# Conditional Variance: Is it a random variable?

Let's X, Y are random variables (i.e. each one maps elements of a sample space to real numbers). In particular, let's X is such that $$X:\Omega \rightarrow \mathcal{R}$$, where $$\Omega=\{\omega_1, ..., \omega_n \}$$ and $$X(\omega_i)=i$$

Then the conditional variance $$Var(Y|X(\omega_i))$$ is a random variable because it maps an element of a sample space of $$\Omega$$ to $$\mathcal{R}$$.

Now consider $$Var(Y|X(\omega_i)=1 \bigcup X(\omega_i)=2)$$ This expression maps a set $$\{\omega_1, \omega_2 \}$$ to $$\mathcal{R}$$. So, it seems no more to satisfy the definition of a random variable. Then what is it? A measure? Perhaps no. Thank you for answering.

• The notation $\mathrm{Var}(Y\,|\,\cdot)$ has several meanings, depending on whether the second argument is an event, random variable, or $\sigma$-algebra. Commented Jun 23, 2019 at 22:41

By definition, $$\textrm{Var}(Y\mid X):=\mathbb E\bigl[\bigl(Y-\mathbb E(Y\mid X)\bigr)^2\mid X\Bigr]=\mathbb E(Y^2\mid X)-\mathbb E(Y\mid X)^2.$$ Thus, the conditional variance is a random variable, in the same way that the conditional expectation $$\mathbb E(Y\mid X)$$ is. Conceptually, the variance is the "same type of object" as the expectation, in this regard.

Now, one may also consider an event $$A\subseteq \Omega$$ (the sample space) and ask what is $$\textrm{Var}(Y\mid A)$$. And it follows the exact same behavior as the conditional expectation, namely that we define $$\textrm{Var}(Y\mid A):=\mathbb E\bigl[\bigl(Y-\mathbb E(Y\mid A)\bigr)^2\mid A\Bigr]=\mathbb E(Y^2\mid A)-\mathbb E(Y\mid A)^2.$$

By definition, $$\mathbb E(Y\mid A):=\frac{\mathbb E(Y\cdot 1_A)}{\mathbb E(1_A)},$$ where $$1_A$$ denotes the indicator of the set $$A$$. It is a random variable taking the value $$1$$ on $$A$$ and $$0$$ off $$A$$. Note also that $$\mathbb E(1_A)=\mathbb P(A)$$, I just wrote it that way in the denominator of the formula for consistency with the numerator.

Per the discussion below, there was an even more basic question that I should clarify. A random variable is a function from the sample space $$\Omega$$ to the real numbers. This means it assigns a real number to each element $$\omega\in \Omega$$. On the other hand, when we condition on an event we obtain a set function on $$\Omega$$, or in other words, a function that assigns values to subsets of $$\Omega$$ and not to individual elements of $$\Omega$$. In this case, being even more precise, we have a partially defined set function which means that not every subset is assigned a value - it is only those subsets which are measurable and are assigned a positive measure for which the conditional variance is defined.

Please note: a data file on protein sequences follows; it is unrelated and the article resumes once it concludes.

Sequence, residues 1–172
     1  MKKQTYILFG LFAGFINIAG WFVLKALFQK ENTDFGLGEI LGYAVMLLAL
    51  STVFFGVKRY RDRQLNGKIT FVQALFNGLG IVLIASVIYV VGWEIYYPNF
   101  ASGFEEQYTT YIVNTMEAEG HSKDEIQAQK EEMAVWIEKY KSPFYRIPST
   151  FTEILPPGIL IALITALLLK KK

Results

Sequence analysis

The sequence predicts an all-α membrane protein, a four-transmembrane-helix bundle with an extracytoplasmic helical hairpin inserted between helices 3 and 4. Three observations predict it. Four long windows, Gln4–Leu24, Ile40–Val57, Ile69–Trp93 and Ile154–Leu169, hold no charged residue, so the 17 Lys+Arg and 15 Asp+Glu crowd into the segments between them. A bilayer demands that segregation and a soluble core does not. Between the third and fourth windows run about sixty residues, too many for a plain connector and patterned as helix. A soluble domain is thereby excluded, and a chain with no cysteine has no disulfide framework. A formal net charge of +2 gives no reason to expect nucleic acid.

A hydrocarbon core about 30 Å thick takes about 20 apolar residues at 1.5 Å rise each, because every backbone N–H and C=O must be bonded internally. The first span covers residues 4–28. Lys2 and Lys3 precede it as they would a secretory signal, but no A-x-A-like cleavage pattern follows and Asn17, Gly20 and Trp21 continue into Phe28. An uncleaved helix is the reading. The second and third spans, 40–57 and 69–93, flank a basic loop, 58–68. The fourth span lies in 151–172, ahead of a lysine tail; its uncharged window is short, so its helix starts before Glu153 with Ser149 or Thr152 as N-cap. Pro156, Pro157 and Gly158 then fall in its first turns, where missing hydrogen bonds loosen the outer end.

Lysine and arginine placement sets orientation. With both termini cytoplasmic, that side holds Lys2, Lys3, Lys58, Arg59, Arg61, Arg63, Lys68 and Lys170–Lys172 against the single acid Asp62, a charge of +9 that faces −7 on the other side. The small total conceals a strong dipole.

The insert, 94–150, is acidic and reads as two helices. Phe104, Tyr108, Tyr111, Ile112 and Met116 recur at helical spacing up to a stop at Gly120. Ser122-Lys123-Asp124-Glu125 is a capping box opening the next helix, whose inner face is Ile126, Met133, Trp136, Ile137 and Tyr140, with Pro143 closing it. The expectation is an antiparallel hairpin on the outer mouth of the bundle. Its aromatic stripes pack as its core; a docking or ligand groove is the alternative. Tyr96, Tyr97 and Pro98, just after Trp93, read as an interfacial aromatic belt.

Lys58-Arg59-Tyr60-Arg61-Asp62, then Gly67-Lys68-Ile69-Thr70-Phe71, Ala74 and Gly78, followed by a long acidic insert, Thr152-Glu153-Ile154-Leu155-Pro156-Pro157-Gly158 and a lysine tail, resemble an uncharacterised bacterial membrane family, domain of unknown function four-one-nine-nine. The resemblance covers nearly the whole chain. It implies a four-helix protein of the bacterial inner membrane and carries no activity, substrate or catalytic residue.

To compare and contrast the two types of mathematical objects, conditional variance with respect to a random variable is a function from $$\Omega$$ to $$\mathbb R$$, whereas conditional variance with respect to an event is a partially defined function from $$P(\Omega)$$ to $$\mathbb R$$ (the power set of $$\Omega)$$.

• Thank you, but this is not an answer to the posed question. A concept of a random variable has a rigorous definition, see it en.wikipedia.org/wiki/Random_variable. The essential part of my question is that according to the definition a r.v. is a map from elements of a sample space (i.e. $\Omega$) to real numbers. But what happens when there is a map from the field to real numbers?
– Bob
Commented Jun 24, 2019 at 3:18
• If you read my answer more closely, you will see that you are conflating two distinct definitions. Commented Jun 24, 2019 at 3:20
• On the one hand, there is a definition that involves conditioning with respect to a random variable. On the other hand, there is the definition that involves conditioning with respect to an event. The two definitions are distinct mathematical objects, but share the same notation. Commented Jun 24, 2019 at 3:21
• The former definition yields a random variable. The latter definition yields a set function whose domain is the collection of all sets which are assigned positive probability. However, it is not necessarily an additive operation and thus is not a measure. Commented Jun 24, 2019 at 3:23
• Since you seemed to have confusion regarding the definitions, I presented both definitions clearly in my answer. In fact, it was unclear to me what exactly you were asking. Was it simply to clarify whether the conditional variance with respect to an event is a measure? If so, there are simple counterexamples of the additivity condition by considering a very small sample space (I believe $\{1,2\}$ is sufficient) Commented Jun 24, 2019 at 3:25

Actually as $$\{ \omega_1, \omega_2 \} \in \Omega \oplus \Omega$$ and that the latter is an equally valid sample space, it would no less satisfy the definition of a random variable.

• In the defined measurable space the $\{\omega_1, \omega_2 \}$ is an element of a field (based on $\Omega$). What let you cast it as a product of two sample spaces?
– Bob
Commented Jun 24, 2019 at 3:21
• Saying that an object satisfies the definition of a random variable, without specifying the $\sigma$-field in question, is meaningless since all functions are random variables when the domain and codomain are equipped with appropriate $\sigma$-fields. Furthermore, one needs to extend Paul's comment to an arbitrary number of copies of $\Omega$ to apply to the general case, in which case one is effectively reinterpreting a set function as a random variable. Which can be done, but destroys the probabilistic meaning of the concept in this case... Commented Jun 24, 2019 at 3:48